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Head Wound

Thursday, May 08, 2008
Those who know me know that I'm a fan of the Portland Eastbank Esplanade (even though it's not entirely perfect.) An incident there yesterday, though, made me wonder if some improvements aren't needed.

As I was walking north along the east side, just past the floating walkway, a fellow on a bicycle stopped in front of me. "Be careful," he said, indicating the path he'd just come along - and the path I was heading towards. "Something's going on up there." I looked up to see a gentleman sitting on the curb about 50 feet ahead, clutching something to his head and being tended to by someone else. "There's a bunch of about six Mexican guys up there, and one guy's covered in blood," offered the fellow.

The wounded man started half-walking, half-stumbling towards us. It became obvious that he was bleeding from the back of his head, and he had taken off his shirt and was trying to stop the bleeding with it - a white shirt was now stained deep red. The fellow on the bicycle and I agreed that we should call for emergency services. As the wounded gentleman approached, glancing with either nervousness or suspicion behind us, my new friend was calling for police and medical help on his phone and I started to help the man, instructing him to keep pressure on his wound (though trying not to get any blood on myself.)

The problem is, I don't speak Spanish. He was very uncommunicative, and - aside from stopping to stand (and bleed) near us - didn't say anything. At this point, two women walked up and started helping him and the gentleman on the bicycle and I called for help again as the wounded man started to pass out.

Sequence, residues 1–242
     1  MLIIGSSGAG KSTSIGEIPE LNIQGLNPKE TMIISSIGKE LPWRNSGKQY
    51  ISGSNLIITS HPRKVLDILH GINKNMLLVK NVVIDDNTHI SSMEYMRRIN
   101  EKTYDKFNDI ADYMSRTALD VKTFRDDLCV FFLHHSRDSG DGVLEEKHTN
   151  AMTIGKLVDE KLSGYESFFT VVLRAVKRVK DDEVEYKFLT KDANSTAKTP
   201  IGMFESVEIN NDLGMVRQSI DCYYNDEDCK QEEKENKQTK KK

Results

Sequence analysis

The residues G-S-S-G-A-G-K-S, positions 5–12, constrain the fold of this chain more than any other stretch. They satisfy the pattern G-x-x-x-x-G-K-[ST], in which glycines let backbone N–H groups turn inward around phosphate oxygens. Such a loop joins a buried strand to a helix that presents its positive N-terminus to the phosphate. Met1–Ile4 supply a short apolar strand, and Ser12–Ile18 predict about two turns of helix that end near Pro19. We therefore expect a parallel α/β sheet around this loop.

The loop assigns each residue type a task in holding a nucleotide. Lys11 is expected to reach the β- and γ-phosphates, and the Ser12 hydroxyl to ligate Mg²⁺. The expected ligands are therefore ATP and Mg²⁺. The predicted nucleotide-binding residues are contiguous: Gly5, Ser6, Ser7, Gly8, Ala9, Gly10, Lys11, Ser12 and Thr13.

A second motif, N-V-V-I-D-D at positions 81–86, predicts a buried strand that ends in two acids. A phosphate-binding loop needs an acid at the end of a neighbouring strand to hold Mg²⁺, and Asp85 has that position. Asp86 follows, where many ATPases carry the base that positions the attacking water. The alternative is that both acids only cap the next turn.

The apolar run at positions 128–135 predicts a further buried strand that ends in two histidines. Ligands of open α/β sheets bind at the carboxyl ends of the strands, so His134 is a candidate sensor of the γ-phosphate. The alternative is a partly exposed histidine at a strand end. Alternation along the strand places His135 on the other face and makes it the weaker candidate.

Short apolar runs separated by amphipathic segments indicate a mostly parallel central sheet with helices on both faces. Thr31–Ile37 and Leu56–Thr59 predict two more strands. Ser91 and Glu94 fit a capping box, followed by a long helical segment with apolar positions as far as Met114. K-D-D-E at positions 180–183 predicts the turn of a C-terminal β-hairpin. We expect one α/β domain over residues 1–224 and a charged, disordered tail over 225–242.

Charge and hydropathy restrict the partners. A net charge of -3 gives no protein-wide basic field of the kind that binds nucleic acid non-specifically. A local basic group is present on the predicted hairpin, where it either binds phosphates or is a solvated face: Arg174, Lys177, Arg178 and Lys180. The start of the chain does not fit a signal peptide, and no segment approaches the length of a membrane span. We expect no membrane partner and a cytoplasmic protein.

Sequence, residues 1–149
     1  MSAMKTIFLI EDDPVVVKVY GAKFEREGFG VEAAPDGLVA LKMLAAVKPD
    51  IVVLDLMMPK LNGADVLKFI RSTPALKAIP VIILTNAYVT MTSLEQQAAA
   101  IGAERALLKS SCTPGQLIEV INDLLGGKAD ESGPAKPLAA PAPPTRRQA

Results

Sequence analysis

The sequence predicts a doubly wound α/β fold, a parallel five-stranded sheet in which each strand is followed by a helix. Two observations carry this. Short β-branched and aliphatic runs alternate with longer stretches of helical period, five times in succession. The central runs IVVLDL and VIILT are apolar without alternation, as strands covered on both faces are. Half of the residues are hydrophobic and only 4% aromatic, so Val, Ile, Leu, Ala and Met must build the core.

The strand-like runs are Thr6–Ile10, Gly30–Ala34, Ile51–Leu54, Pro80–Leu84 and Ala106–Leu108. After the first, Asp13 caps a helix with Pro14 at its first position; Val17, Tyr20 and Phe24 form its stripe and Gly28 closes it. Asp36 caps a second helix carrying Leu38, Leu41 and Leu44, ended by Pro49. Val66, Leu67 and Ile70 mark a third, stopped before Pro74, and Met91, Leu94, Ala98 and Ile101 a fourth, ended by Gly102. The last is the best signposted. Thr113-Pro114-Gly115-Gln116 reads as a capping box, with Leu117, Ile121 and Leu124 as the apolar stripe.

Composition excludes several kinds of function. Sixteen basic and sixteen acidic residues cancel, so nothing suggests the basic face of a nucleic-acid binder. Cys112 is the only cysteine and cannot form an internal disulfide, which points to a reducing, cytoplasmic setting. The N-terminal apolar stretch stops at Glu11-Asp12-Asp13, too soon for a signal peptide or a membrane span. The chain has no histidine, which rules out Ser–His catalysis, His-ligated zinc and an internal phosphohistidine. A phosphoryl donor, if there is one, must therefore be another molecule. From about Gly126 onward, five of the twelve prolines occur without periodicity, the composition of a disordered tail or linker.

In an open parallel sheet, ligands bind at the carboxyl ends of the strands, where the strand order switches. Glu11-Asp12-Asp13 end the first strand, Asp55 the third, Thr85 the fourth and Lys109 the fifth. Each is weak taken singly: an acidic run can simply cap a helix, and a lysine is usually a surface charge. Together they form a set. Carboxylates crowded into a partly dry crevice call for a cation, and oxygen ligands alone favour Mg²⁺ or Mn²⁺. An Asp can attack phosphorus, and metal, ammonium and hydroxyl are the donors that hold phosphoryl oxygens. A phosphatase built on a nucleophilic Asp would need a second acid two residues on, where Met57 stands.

I will say this for the Portland Police and Fire services: they were there within 10 minutes. Furthermore, as I'll get to in a bit, they couldn't just drive up to the scene. They showed up and immediately took over. Somehow I blinked and there were two officers and five fire department EMTs on the scene. As the medics tended to the wounded man, the police started taking names and numbers of potential witnesses.

As best as I can figure, the wounded man was part of a group of people who routinely hang out in the areas off the path of the Esplanade. Largely unseen, they generally don't bother anyone (at least as far as I've heard.) However, in this case, one person assaulted the other (I heard reports of "those guys over there said that the guy who hit this guy went that way") and that led to our situation. This area is apparently a favorite of those on the grey side of the law as emergency access is very limited. As one police officer described, they and the medics had to park up near the Rose Garden and walk down to the scene - at least five minutes on foot. (That makes their response time even more impressive!) Furthermore, they would have to carry this guy out.

The problem with emergency access is that there's no way to get to most portions of the Eastbank Esplanade. It's sandwiched tightly between I-5 and the Willamette River, with very few (if any) opportunities to get a vehicle anywhere near it or on it. As the police officer explained with frustration, "If someone's actively being attacked, we just can't respond quickly!"

I don't know how they'd solve the problem. I, however, can at least say that they were very responsive to our call, and that I'm glad the man received the help he needs. Violence near the Esplanade always troubles me as I tend to think of Portland as being a safe city, but in this case I think it was not part of a patten.

1 Comments:

Blogger Laura said...

Better than here in Houston.

The stepfather of a woman I know died in the parking garage of the hospital emergency room, steps from the door, in his wifes arms. He was hemorrhaging blood, just covered in it, and she was screaming for help, and people just walked by. I forget what happened, it was something internal and he had cancer.

8:47 AM, May 09, 2008  

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